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Lone Survivor: The Eyewitness Account of Operation Redwing and the Lost Heroes of SEAL Team 10 Paperback – May 1, 2008
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About the Author
Petty Officer Marcus Luttrell joined the United States Navy in March 1999, became a combat-trained Navy SEAL in January 2002, and has served in Afghanistan and Iraq. He lives in Texas. Patrick Robinson is known for his best-selling US Navy-based novels and his autobiography of Admiral Sir Sandy Woodward, One Hundred Days, was an international bestseller. He lives in England and spends his summers in Cape Cod, Massachusetts, where he and Luttrell wrote Lone Survivor.
From The Washington Post
If you're looking for a true story that showcases both American heroism and Afghani humanity, Marcus Luttrell's Lone Survivor: The Eyewitness Account of Operation Redwing and the Lost Heroes of SEAL Team 10 (Little, Brown, $24.99), written with Patrick Robinson, may be the book for you. In June of 2005, Luttrell led a four-man team of Navy SEALs into the mountains of Afghanistan on a mission to kill a Taliban leader thought to be allied with Osama bin Laden. On foot, the team encountered two adult men and a teenage boy. A debate broke out as to whether the SEALs should summarily execute the trio to keep them from alerting the Taliban. Luttrell himself was called upon to make the decision. He was torn between considerations of morality and his survival instinct, and he points out that "any government that thinks war is somehow fair and subject to rules like a baseball game probably should not get into one. Because nothing's fair in war, and occasionally the wrong people do get killed."
Luttrell opted to spare the Afghanis' lives. About an hour later, the Taliban launched an attack that claimed nearly a hundred of their own men but also the lives of all the SEALs except Luttrell, who was left wounded.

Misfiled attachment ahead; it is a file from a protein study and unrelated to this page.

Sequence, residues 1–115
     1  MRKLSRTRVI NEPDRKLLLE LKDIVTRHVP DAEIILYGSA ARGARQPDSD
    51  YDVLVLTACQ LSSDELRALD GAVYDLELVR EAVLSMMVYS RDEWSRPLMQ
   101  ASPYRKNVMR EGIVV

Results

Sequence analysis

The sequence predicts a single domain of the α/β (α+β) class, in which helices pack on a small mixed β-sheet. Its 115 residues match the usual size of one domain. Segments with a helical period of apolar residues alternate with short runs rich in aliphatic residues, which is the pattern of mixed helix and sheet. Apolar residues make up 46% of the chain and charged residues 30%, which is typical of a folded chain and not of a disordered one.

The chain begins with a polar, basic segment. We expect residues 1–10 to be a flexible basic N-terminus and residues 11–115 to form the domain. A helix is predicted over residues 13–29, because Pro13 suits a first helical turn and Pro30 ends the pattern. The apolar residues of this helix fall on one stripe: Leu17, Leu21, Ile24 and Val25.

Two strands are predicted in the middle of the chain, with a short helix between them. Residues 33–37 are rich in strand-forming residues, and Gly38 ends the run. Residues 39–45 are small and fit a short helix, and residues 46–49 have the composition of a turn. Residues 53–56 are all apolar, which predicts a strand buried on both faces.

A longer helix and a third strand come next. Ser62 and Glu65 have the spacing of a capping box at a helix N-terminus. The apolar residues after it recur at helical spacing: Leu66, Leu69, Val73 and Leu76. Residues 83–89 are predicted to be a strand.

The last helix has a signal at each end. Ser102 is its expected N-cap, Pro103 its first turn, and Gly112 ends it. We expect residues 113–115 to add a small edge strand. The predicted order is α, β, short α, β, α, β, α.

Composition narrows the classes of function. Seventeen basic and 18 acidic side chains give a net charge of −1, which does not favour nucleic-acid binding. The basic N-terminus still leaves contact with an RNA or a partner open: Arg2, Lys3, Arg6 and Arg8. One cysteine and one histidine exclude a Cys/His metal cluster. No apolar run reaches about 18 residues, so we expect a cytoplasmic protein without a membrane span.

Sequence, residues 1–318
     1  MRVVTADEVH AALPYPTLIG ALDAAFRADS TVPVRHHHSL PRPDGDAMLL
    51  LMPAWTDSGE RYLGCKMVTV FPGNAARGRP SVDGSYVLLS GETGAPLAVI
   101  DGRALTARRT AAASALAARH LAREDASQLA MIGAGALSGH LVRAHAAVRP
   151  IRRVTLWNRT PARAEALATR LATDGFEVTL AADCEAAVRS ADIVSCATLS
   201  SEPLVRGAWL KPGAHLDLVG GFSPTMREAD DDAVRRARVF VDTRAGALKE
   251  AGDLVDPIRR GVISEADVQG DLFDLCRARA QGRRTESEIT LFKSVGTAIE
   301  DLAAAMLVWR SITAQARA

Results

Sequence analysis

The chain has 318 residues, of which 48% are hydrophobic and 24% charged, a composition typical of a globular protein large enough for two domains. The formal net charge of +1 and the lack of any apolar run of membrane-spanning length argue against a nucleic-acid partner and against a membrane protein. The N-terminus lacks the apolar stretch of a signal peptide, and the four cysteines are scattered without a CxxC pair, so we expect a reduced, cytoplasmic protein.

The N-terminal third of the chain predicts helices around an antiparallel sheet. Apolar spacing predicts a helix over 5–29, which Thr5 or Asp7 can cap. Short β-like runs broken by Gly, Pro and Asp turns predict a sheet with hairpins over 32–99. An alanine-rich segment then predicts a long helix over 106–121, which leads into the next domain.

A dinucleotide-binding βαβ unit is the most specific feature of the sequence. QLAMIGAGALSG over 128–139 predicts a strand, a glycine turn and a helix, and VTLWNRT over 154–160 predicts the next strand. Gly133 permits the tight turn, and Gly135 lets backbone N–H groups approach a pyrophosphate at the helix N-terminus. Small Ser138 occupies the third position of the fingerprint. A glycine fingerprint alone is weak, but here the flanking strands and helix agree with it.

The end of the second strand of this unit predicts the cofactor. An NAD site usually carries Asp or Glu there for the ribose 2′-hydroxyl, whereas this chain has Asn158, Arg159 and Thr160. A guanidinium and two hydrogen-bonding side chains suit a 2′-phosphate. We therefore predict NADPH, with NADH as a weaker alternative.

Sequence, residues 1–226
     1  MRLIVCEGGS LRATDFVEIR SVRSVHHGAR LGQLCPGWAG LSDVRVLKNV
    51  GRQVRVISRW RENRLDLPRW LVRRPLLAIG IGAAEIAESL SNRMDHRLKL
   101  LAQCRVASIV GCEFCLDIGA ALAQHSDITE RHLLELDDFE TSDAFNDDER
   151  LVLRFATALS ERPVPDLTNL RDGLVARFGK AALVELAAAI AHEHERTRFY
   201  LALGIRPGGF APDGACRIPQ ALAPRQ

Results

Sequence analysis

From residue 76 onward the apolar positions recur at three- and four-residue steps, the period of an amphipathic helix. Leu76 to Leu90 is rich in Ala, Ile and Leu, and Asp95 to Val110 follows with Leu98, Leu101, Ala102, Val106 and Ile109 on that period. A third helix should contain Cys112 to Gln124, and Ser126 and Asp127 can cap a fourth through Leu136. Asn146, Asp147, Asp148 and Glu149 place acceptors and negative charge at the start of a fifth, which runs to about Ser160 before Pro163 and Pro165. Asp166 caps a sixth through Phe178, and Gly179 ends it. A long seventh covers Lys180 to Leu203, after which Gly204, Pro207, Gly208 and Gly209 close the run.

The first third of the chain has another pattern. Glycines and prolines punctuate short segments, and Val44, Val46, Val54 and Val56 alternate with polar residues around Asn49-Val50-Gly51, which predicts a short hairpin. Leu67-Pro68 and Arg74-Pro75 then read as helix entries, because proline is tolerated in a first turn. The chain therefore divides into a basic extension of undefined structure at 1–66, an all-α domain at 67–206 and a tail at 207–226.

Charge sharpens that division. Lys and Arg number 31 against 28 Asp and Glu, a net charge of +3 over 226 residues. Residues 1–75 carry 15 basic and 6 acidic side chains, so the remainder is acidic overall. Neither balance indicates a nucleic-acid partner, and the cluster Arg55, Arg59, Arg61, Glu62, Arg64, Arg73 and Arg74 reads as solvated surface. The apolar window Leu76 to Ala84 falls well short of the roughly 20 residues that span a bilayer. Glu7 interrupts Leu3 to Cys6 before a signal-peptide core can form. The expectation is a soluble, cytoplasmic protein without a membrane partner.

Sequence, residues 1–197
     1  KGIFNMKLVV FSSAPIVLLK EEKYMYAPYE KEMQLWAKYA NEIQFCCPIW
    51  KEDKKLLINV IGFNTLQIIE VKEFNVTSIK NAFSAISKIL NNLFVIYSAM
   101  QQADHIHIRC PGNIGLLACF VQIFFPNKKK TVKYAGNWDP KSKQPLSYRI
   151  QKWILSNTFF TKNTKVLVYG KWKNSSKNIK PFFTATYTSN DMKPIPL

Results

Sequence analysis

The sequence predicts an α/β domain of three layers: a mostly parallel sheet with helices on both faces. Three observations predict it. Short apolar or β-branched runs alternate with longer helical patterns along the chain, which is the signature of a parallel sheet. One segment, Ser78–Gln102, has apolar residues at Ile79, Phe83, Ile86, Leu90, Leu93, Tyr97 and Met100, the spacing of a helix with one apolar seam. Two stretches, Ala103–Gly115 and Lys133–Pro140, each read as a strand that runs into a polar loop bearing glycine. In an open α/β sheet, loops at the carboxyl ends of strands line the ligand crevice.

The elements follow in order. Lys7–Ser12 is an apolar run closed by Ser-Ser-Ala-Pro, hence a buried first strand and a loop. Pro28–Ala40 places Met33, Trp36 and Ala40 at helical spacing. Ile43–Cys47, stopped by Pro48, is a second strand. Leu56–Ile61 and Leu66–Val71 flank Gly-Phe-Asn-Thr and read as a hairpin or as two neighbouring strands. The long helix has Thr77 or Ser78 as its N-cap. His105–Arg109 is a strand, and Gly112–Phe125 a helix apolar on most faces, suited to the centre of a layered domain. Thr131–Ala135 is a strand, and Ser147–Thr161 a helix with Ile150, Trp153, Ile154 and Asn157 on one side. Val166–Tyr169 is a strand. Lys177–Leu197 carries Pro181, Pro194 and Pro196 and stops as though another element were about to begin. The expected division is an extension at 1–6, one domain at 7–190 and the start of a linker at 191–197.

Not long after that, the Taliban shot down an American rescue helicopter, killing all 16 men on board. Luttrell is sure that the three Afghanis he let go turned around and betrayed the SEALs.
But if nothing is fair in war, neither is anything foreordained. Luttrell was found by other Afghanis, one of whom claimed to be his village's doctor. Once again, Luttrell had to rely on his instincts. "There was something about him," Luttrell writes. "By now I'd seen a whole lot of Taliban warriors, and he looked nothing like any of them. There was no arrogance, no hatred in his eyes." Luttrell trusted the man and his colleagues, who took him back to their village, where the law of hospitality -- "strictly nonnegotiable" -- took hold. "They were committed to defend me against the Taliban," Luttrell writes, "until there was no one left alive."
The law held, and Luttrell survived, returned home and received the Navy Cross for combat heroism from President Bush.
Copyright 2007, The Washington Post. All Rights Reserved. --This text refers to the Preloaded Digital Audio Player edition.
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Top Customer Reviews
Then the book shifts gears and discusses the first-hand account of a battle in Afghanistan that will quickly make you realize why SEAL training is so grueling and give you a new appreciation for our men and women in uniform. The story is told in a way that keeps you captivated, but also teaches you a lot. It's very well written. If you enjoy true stories of military heroism or you're just looking for an interesting historical read, this book is a great choice. It will certainly be read by generations. I would recommend this book for adults or older teenagers (15 or above). It's a great read, and I know I will revisit this book again in the future.